Kazarosian reflects on a historic year as MBA president

Issue August 2015 By Mike Vigneux

When Marsha V. Kazarosian's term as MBA president comes to a close at the end of August, she jokes that she will finally be able to get back to running a law practice after serving as an officer since 2008.  Kazarosian, who will hand over the reins to President-elect Robert W. Harnais on Sept. 1, enjoyed both a successful and historic association year as president in 2014-15.

Highlights included free CLE courses, the passage of legislation allowing for attorney-conducted voir dire and increased court funding for civil legal aid.

At the annual President's Reception in September 2014, Kazarosian spoke about the importance of creating a strong MBA community and dedicated her year as president to fostering relationships between lawyers and judges while furthering educational opportunities.

"Together, through education, unity, a strong partnership with our judiciary and a commitment to ensuring access to justice, I see the MBA as the community that will elevate our profession, and I'm incredibly honored to have this opportunity as your president to help make that happen," Kazarosian said at the event.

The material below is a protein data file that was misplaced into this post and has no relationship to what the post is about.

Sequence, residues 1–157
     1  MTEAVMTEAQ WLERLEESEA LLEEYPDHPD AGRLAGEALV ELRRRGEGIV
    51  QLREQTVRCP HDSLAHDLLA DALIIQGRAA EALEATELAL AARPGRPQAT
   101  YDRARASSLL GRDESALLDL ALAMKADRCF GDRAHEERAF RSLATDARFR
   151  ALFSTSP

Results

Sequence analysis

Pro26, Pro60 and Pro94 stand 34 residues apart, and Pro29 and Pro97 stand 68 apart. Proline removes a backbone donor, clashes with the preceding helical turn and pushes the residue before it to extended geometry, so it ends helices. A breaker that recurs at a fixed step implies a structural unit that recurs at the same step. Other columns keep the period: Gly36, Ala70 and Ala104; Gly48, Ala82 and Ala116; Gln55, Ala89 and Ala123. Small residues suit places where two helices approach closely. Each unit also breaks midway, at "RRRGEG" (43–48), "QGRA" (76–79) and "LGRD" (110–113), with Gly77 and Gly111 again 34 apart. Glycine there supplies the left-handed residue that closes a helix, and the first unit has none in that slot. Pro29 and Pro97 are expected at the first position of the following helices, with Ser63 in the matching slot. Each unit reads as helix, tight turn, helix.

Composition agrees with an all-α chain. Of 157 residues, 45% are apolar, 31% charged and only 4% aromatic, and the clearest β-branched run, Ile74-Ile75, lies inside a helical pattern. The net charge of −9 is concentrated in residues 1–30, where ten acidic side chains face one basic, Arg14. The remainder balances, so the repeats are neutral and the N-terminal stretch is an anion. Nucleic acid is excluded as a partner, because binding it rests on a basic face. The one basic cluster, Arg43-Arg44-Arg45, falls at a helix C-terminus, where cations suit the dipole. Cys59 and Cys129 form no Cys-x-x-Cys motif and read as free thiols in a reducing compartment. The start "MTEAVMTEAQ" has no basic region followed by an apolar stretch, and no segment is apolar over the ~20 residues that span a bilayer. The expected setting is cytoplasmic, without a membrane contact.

Free CLE

Beginning on Sept. 1, 2014, the MBA began offering free educational programs to members, excluding conferences and the Practicing with Professionalism course. For no additional cost, members can now advance their careers and stay on top of the latest legal topics by attending programs in person or online through MBA On Demand. FREE CLE was an especially meaningful development for Kazarosian, a former chair of the MBA's Education Committee.

"Education has always been a huge priority for me. When people talk about the most important thing they look for when joining a bar association, it's often education," remarked Kazarosian.

Attorney-conducted voir dire

Perhaps the most notable event of Kazarosian's presidency was the passage of Chapter 254 of the Acts of 2014 in August which allowed attorney-conducted voir dire in Massachusetts. In February 2015, Massachusetts attorneys were finally allowed to question prospective jurors in civil and criminal trials throughout the Superior Court.

The new law not only permits attorneys to question potential jurors and screen for bias in Superior Court trials, it also allows attorneys to suggest a monetary amount for damages suffered by a plaintiff in a civil trial. The MBA advocated strongly for both measures for many years.

"Voir dire was a great victory for the entire legal community," said Kazarosian. "It gave us the ability to work with the judiciary and our legislators to hone how it's going to be done, while continuing to work on best practices to ensure access to justice for all."

Maintaining a mutually beneficial partnership with the judiciary through effective communication and camaraderie was a major part of the success in the voir dire process, according to Kazarosian.

State budget